The authors summarised the findings using a narrative synthesis and presented some data in a summary table.
Results of the review
Three studies (n=120), one of which was a controlled study, were included in the review.
Only the controlled study reported a significantly better outcome after fusion, compared with conservative treatment, for patients who reported significant pain relief after a positive cast test (χ2 p=0.002). However, in another study the outcome after lumbar fusion was not significantly different for patients with a positive cast test compared with those with a negative cast test.
A pantaloon cast test with substantial pain relief suggests a favourable outcome for lumbar fusion surgery compared with conservative management, but a negative test has no value in surgical decision-making. Evidence from a cohort study, not included in the review, suggests that the test has no value in those patients who have had previous spinal surgery, and that the test is only associated with a favourable outcome in chronic LBP patients without prior spinal surgery.
This review answered a clear review question and searched for published data in any language, but does not appear to have sought unpublished data, thereby suggesting a risk of publication bias. Appropriate steps were taken to reduce the risk of reviewer error and bias when selecting the studies, but there were few details of how the data were extracted and study quality does not appear to have been assessed. This makes it difficult to assess the reliability of the data, although the brief descriptions of study design suggest that the data may not be reliable. Some study details were tabulated and, given the small number of studies and differences in intervention and study design and population, the narrative synthesis appears appropriate. Overall, given the types of study design included and the paucity of data, the authors' conclusions may not be reliable and should be interpreted with caution.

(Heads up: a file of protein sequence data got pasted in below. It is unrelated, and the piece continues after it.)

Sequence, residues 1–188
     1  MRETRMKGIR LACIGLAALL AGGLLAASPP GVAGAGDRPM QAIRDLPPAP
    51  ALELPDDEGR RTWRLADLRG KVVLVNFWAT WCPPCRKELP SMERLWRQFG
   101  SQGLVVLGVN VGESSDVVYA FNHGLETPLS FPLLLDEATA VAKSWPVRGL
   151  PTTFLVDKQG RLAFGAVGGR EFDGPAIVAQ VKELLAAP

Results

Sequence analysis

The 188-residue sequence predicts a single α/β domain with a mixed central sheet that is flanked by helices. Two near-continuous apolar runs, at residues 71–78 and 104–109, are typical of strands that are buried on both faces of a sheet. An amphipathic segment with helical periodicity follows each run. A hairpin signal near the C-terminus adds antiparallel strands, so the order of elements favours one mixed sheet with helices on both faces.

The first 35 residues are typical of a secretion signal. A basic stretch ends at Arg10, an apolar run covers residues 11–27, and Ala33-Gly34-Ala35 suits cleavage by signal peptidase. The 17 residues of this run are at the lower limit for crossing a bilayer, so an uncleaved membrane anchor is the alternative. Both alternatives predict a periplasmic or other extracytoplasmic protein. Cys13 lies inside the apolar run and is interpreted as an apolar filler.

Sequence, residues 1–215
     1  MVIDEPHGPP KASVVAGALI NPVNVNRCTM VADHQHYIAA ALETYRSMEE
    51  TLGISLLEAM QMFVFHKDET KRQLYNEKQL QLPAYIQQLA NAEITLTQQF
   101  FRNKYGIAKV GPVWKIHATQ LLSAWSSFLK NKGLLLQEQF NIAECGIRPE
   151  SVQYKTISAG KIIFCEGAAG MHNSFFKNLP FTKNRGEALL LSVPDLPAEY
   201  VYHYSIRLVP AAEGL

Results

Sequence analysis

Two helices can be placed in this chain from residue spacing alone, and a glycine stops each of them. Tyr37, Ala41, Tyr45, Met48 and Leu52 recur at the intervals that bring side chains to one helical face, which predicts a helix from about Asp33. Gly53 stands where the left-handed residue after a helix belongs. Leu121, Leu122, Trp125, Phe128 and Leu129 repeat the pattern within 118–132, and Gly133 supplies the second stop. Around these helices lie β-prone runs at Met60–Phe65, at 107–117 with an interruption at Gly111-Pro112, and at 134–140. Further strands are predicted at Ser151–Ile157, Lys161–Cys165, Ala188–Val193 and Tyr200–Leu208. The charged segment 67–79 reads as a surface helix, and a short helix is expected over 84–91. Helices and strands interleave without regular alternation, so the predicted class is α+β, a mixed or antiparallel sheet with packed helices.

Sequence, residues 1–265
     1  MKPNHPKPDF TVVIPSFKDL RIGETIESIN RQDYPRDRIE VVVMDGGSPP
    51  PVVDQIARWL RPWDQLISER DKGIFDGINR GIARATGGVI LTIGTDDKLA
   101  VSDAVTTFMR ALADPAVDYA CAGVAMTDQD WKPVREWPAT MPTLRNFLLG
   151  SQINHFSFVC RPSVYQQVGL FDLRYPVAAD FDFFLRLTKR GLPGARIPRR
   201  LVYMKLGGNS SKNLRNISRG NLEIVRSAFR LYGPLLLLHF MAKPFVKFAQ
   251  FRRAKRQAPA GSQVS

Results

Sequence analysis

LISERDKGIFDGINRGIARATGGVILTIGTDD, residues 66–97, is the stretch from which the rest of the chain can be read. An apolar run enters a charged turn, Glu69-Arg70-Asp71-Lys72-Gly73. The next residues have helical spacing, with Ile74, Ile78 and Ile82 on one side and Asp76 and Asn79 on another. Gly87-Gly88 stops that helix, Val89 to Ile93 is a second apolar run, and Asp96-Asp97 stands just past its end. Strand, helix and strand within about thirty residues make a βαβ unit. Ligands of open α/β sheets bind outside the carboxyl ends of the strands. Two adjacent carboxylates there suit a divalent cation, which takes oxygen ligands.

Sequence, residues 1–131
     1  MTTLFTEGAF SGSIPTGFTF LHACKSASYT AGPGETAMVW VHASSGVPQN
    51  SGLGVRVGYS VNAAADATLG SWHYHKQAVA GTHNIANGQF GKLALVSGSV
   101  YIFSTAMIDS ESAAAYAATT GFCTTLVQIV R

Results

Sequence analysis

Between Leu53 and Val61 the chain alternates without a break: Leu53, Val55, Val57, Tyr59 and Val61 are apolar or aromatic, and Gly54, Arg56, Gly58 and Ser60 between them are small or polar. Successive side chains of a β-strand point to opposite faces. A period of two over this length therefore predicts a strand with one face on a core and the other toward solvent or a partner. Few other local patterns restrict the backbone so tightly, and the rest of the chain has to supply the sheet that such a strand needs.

Implications of the review for practice and research
Practice: The authors stated that a negative test has no value in surgical decision-making. They also stated that, apart from the inconvenience, the pantaloon test has a negligible complication rate.
Research: The authors did not state any implications for further research.
Willems P C, Elmans L, Anderson P G, Jacobs W C, van der Schaaf D B, de Kleuver M. The value of a pantaloon cast test in surgical decision making for chronic low back pain patients: a systematic review of the literature supplemented with a prospective cohort study. European Spine Journal 2006; 15(10): 1487-1494
Subject indexing assigned by NLM
Adult; Casts, Surgical; Female; Humans; Low Back Pain /surgery; Lumbar Vertebrae /surgery; Male; Pain Measurement; Spinal Fusion; Treatment Outcome
Date bibliographic record published
Date abstract record published
This is a critical abstract of a systematic review that meets the criteria for inclusion on DARE. Each critical abstract contains a brief summary of the review methods, results and conclusions followed by a detailed critical assessment on the reliability of the review and the conclusions drawn.